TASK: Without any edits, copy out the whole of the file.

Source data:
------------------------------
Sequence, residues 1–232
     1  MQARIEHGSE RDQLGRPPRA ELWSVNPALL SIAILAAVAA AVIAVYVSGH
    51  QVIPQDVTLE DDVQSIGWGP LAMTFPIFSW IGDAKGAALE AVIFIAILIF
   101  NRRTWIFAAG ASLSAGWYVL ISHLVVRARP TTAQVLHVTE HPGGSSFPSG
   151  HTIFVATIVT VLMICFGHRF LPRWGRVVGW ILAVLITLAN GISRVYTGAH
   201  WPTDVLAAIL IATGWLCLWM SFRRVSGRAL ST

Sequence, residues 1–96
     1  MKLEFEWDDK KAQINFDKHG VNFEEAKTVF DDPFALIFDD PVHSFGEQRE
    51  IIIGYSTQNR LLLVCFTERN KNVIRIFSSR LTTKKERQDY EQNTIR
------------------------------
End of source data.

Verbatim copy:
Sequence, residues 1–232
     1  MQARIEHGSE RDQLGRPPRA ELWSVNPALL SIAILAAVAA AVIAVYVSGH
    51  QVIPQDVTLE DDVQSIGWGP LAMTFPIFSW IGDAKGAALE AVIFIAILIF
   101  NRRTWIFAAG ASLSAGWYVL ISHLVVRARP TTAQVLHVTE HPGGSSFPSG
   151  HTIFVATIVT VLMICFGHRF LPRWGRVVGW ILAVLITLAN GISRVYTGAH
   201  WPTDVLAAIL IATGWLCLWM SFRRVSGRAL ST

Sequence, residues 1–96
     1  MKLEFEWDDK KAQINFDKHG VNFEEAKTVF DDPFALIFDD PVHSFGEQRE
    51  IIIGYSTQNR LLLVCFTERN KNVIRIFSSR LTTKKERQDY EQNTIR